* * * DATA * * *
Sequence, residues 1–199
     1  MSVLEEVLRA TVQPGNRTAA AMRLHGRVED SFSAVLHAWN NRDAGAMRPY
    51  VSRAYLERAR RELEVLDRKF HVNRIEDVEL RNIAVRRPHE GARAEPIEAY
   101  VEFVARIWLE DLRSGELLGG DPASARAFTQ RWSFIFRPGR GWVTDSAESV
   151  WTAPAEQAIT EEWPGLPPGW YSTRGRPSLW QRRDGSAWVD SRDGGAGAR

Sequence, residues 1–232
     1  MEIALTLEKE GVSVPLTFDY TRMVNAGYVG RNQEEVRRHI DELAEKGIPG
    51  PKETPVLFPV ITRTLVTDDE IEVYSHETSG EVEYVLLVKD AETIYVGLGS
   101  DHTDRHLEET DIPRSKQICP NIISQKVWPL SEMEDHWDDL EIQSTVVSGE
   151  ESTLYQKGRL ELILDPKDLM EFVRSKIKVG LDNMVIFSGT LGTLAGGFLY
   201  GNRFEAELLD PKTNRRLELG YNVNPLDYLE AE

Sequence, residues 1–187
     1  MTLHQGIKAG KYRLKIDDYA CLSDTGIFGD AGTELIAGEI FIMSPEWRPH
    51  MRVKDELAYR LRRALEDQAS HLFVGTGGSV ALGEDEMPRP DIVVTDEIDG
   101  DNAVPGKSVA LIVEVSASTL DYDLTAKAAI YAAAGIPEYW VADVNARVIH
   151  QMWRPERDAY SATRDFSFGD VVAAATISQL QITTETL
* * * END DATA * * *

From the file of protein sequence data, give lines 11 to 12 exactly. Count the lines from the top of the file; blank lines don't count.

   201  GNRFEAELLD PKTNRRLELG YNVNPLDYLE AE

Sequence, residues 1–187